The problem was always going to be objectivity. Certain songs, certain albums, encase certain moments in your life. Like a picture in a frame. For me, the late 90s, and early 2000s, are framed with the music of Lit. A Place in the Sun, Atomic, and certain moments of my youth are all sewn together. This music has been completely mixed into my salad days. Over the years, as my musical interests have shifted, I’d still find myself checking in on Ajay, Jeremy, Kevin, and new drummer Taylor Carrol. I’d dip back in as a new single, EP, or album was released. Sometimes I’d enjoy it. Sometimes I’d simply appreciate the evolution and change in musical direction. Sometimes I’d nod my head as another rocker blasted through my speakers. But whether I heard songs that I liked, didn’t like, or was indifferent to, I inevitably slid back to my place in the sun. I’d rewind the tape and the years, bombing atomically into the past. Revisiting, “My Own Worst Enemy”, “Zip-Lock”, et al.
So how could I approach Lit’s new album objectively? How could these new songs compete and stand against such biased comparisons? How could I review new music without the influence of music that’s been steeping inside for two decades? Lit recently released Tastes Like Gold, their seventh full-length album.
“We made a conscious decision to go back to when we had arrived at what we represented musically. It took a little bit of time to cleanse the palette and hit reset. However, the creativity flowed better than it had in the past couple of decades,” said Ajay Popoff, the band’s lead singer.
And so, I dropped the needle, as it were, and listened. The album opens with the single, “Yeah Yeah Yeah.” It’s a hit. No doubt. It starts with the chorus and proceeds to bury an earworm so deep into your brain, that you’ll need serious medical intervention to remove it. In fact, there are many catchy songs throughout the album. Tastes Like Gold speaks to many of the same themes that Lit’s music has always spoken to. It’s simple. The ideas are universal. The songs celebrate the good times and rally for overcoming the bad. Memories of days gone by, and dreams of the good days to come. The album has that one-hand-on-the-wheel, sunny-day-summer-wind, window-rolled-down, screaming-at-the-top-of-your-lungs feeling.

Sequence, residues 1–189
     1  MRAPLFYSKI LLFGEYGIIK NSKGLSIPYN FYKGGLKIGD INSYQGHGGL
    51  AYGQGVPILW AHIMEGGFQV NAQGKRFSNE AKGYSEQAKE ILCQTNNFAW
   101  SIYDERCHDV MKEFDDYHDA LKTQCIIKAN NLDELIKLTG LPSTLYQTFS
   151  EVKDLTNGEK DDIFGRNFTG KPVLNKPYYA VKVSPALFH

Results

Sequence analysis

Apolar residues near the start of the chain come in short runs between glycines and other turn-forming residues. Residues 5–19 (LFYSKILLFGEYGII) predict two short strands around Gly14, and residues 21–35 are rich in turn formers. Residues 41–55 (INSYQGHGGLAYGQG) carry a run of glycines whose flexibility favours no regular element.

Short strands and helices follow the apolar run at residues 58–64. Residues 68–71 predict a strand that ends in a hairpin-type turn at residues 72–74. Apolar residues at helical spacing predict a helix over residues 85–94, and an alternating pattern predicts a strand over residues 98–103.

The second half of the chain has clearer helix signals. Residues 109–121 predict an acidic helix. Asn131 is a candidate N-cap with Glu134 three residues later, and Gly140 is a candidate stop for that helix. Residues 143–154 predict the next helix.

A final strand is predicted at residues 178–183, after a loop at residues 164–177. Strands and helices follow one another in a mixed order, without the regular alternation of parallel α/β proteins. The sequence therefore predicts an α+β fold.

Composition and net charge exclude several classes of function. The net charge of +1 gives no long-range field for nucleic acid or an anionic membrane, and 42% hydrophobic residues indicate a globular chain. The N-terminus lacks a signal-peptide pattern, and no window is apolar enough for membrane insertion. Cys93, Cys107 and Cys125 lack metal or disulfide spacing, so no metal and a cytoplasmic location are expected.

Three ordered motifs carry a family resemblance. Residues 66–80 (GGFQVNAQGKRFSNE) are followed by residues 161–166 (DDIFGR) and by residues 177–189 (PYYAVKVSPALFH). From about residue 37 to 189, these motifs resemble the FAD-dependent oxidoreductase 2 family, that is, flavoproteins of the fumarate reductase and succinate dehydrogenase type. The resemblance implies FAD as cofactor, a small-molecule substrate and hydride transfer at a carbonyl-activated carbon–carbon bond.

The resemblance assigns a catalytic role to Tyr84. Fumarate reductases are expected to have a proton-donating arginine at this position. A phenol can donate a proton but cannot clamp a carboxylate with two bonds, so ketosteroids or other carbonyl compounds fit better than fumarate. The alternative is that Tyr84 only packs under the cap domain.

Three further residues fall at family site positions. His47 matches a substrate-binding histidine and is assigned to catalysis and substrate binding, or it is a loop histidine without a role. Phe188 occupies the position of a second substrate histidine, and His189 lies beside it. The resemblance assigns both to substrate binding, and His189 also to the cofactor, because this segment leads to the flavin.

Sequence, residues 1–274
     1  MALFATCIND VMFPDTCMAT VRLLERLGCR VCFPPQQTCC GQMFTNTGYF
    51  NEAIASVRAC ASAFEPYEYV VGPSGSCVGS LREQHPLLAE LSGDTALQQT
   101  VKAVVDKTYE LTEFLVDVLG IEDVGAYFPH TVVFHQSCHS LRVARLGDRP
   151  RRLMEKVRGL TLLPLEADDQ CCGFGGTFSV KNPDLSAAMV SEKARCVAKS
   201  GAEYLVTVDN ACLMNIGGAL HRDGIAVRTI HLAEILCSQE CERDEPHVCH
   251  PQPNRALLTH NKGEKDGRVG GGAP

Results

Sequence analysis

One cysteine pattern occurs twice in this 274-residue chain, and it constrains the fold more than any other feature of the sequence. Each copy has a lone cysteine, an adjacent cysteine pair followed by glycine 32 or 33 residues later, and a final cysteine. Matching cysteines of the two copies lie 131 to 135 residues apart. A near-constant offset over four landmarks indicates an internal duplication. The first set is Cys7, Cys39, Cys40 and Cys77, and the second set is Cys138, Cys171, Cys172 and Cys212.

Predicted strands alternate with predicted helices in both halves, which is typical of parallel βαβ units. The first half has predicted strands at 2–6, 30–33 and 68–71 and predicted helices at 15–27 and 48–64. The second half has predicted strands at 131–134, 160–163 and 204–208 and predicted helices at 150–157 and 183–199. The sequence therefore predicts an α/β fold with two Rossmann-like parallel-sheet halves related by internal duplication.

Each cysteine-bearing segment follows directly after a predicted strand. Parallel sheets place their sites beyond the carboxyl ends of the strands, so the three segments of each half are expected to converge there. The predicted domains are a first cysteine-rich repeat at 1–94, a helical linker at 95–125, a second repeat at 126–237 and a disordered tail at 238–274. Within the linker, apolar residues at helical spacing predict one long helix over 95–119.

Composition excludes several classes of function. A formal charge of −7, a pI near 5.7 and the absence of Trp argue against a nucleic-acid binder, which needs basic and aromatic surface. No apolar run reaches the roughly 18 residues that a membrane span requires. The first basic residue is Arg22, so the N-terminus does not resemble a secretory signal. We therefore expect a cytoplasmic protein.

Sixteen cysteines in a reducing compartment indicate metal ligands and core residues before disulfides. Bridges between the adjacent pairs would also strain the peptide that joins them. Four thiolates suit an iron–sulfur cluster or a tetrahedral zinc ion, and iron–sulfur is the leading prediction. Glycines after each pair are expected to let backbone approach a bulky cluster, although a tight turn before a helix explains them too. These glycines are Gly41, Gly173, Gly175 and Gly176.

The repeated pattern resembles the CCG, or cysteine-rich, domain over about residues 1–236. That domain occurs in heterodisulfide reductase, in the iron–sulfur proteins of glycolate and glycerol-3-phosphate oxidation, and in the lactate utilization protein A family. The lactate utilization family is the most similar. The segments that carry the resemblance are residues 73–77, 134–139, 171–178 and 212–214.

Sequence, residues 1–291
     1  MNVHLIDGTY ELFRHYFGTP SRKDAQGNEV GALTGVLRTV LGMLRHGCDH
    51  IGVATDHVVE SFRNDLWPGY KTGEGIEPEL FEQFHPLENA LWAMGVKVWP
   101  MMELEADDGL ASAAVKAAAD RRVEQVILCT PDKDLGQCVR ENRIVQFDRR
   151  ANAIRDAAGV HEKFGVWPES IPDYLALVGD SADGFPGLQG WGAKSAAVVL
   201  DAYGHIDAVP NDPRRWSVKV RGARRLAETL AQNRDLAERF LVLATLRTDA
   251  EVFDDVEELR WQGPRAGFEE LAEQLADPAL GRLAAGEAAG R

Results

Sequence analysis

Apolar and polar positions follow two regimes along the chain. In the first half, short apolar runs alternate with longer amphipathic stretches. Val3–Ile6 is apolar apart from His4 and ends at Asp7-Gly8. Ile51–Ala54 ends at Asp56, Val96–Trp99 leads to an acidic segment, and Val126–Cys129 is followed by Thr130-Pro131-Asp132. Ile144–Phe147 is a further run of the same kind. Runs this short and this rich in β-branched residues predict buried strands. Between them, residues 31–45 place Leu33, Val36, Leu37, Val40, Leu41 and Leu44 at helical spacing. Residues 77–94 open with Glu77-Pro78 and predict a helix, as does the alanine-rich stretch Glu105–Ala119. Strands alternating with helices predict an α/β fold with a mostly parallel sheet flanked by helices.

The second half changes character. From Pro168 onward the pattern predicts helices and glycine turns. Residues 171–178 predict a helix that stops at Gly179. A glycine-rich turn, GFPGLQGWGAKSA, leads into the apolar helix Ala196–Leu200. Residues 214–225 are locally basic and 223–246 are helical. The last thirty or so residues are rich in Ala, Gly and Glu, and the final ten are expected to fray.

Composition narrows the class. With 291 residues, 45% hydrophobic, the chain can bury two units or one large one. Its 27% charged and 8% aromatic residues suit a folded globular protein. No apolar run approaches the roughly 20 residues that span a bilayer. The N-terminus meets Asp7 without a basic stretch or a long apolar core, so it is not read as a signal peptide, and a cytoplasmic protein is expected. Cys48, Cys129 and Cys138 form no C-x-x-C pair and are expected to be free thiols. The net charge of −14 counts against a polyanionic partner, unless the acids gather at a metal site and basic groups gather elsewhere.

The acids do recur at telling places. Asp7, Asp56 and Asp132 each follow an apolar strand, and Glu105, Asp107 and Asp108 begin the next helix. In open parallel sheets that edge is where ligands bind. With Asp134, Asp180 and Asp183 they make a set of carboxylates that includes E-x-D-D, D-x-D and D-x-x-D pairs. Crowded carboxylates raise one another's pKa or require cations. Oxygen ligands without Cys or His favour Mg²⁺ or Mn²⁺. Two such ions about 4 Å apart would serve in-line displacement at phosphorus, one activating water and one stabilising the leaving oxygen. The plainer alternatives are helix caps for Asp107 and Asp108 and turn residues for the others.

Lit’s songs have always been love songs, directed at the various people in and out of their lives. Clearly, on this record, included in that group, are the fans that Lit found 20 years ago. I listened to the album and felt a joy for their music that I hadn’t felt in a long time. Ajay said, “this is new Lit, but we hope it’s the Lit you fell in love with.” Well, I think it is. Objectively.
While no Lit album, for me, could ever take the place of A Place in the Sun, there’s still a lot to enjoy. And I’m sure a whole new generation will discover the band through this album. And it will go on to frame pictures in their lives. And I’m sure, decades from now, when Lit is releasing another new album, some music reviewers will also ponder the issue of objectivity, as they wrestle with the strong feelings they have about Tastes Like Gold. How do you remain objective? How do you remain unbiased? Well, you don’t. But you appreciate what there is, and you appreciate what there was. We all have our places in the sun and Tastes Like Gold just might be yours.